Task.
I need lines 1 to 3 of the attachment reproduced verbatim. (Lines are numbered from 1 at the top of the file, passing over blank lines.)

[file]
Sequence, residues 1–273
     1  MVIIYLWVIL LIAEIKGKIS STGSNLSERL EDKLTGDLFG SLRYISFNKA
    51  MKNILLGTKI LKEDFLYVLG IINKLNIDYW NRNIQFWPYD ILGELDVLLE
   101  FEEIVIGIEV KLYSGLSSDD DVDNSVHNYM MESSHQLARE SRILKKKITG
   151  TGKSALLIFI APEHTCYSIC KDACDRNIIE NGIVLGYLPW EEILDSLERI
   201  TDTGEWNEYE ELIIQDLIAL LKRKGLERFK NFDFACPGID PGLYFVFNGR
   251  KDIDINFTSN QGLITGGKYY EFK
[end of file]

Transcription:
Sequence, residues 1–273
     1  MVIIYLWVIL LIAEIKGKIS STGSNLSERL EDKLTGDLFG SLRYISFNKA
    51  MKNILLGTKI LKEDFLYVLG IINKLNIDYW NRNIQFWPYD ILGELDVLLE